Exercise 4 - Custom Notebooks

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In this exercise we’ll be loading into Zeppelin a custom notebook. This notebook ingests data regarding wild mushrooms and uses some Machine Learning algorithms to determine if the mushrooms are edible or poisonous.

Add a notebook to Zeppelin

Note the two steps noted with numbers
Note the two steps noted with numbers

After finishing the Apache Spark in 5 Minutes notebook, go back to the Zeppelin dashboard and click on Import note. A modal box will pop-up, give the note a name in the Import As text box, and click on Add from URL and paste in the following URL:

https://raw.githubusercontent.com/kenmoini/RandomForestMushroomClassifier/master/Mushroom%20Classifier%20-%20Scala.json

Click Import note & then click into the newly added notebook to launch it

Reset interpreters

Make note of the order, and restart both Sparks
Make note of the order, and restart both Sparks

Now before we continue, we need to reset and reorder the Spark interpreters.

  1. In the upper right hand corner of the notebook's Title bar, click the Cog icon to open the Interpreter Bindings pane.
  2. Reorder spark2 to be above spark
  3. To the left of each spark and spark2, click the Refresh button to restart them.
  4. Click Save to save and close the Interpreter Bindings pane.

Mushroom Workbook

What would Bear do?
What would Bear do?
Ever wonder if a mushroom is poisonous just by the way it looks or smells? We can do just that!

This notebook will take us through the following processes:
  1. Intro
  2. Setup
  3. Marshalling data
  4. Distribution Analysis
  5. Creating and training RandomForest ML models
  6. Evaluating the model and displaying results
Make sure to expand the code and results sections of your paragraphs.

Dependencies, sessions, and HDFS

3 paragraphs that help set things up
3 paragraphs that help set things up

Load Dependency Libraries

Here we're simply setting up a Spark 2 dependency to load in the spark-csv package.

Initialize Spark Session

Next we're building the Spark 2 session and setting a few configuration points such as application name, enabling Hive support, and returning the Spark 2 version after the Spark session object has been created.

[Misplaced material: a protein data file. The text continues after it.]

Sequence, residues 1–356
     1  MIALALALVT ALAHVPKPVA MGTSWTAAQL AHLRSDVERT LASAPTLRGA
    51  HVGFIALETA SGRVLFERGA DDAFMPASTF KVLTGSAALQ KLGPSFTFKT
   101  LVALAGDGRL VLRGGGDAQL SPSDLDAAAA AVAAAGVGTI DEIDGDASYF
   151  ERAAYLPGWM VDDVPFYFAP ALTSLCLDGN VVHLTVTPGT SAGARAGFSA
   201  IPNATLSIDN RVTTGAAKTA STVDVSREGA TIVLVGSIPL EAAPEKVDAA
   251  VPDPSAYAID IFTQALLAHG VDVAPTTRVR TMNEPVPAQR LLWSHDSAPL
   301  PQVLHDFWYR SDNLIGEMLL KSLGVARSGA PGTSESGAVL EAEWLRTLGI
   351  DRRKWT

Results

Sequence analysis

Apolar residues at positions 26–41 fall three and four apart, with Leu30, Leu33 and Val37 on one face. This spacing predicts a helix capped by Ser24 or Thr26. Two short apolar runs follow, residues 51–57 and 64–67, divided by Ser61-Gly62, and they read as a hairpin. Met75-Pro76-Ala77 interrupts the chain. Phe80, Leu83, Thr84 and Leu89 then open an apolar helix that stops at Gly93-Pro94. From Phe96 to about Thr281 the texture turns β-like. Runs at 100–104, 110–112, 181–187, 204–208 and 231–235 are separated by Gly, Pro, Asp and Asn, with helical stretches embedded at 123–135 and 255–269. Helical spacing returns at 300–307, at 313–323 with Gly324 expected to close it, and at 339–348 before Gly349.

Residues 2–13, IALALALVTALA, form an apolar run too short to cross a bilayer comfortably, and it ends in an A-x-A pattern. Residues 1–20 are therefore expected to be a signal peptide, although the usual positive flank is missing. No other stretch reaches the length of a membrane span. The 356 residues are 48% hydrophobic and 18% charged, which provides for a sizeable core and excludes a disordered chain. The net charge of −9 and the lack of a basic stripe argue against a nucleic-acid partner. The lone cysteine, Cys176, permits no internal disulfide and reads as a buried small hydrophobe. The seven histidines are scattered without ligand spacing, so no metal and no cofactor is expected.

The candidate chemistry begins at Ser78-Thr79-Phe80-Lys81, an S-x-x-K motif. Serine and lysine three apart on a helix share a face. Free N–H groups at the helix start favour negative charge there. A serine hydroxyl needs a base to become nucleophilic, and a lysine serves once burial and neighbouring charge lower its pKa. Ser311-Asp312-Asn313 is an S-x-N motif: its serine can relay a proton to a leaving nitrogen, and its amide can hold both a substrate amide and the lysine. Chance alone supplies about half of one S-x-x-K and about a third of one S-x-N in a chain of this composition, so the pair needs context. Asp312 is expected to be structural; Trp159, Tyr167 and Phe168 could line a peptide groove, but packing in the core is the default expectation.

Download Datafile and Copy to HDFS

Here we're using the shell interpreter to execute some bash and wget the MushroomDatabase.csv file.

From there we're adding the file to HDFS.


You may recall uploading this MushroomDatabase.csv file into HDFS via Ambari earlier. That is correct and this is doing it again. A nice way you can ensure data is present before processing

Load into data frame, test with SQL

Import data from the CSV into a data frame
Import data from the CSV into a data frame

This paragraph creates a data set and data frame.

The CSV is loaded into the data frame, the option headers is set to true because the imported CSV does have title headers, and the schema is automatically inferred upon otherwise.

We're creating a view of this data frame and can access it as SQL now, just as the next paragraph does.

Distribution Analysis

Some would say these odds are good enough but we need better
Some would say these odds are good enough but we need better

This is where you can start to realize the power of big data and large distributed data sets. With a wide and deep enough data set we can start to draw some very keen correlations across different properties.

Take a close look at the Odor by Poisonous paragraph. Here we can tell that smell almost always gives a definitive answer for if the mushroom is poisonous for instance if it smells spicy or creosote (?) that it's most certainly poisonous. There's an outlier though in the None column, most often odorless mushrooms are safe but there are enough poisonous ones that are odorless to raise concern.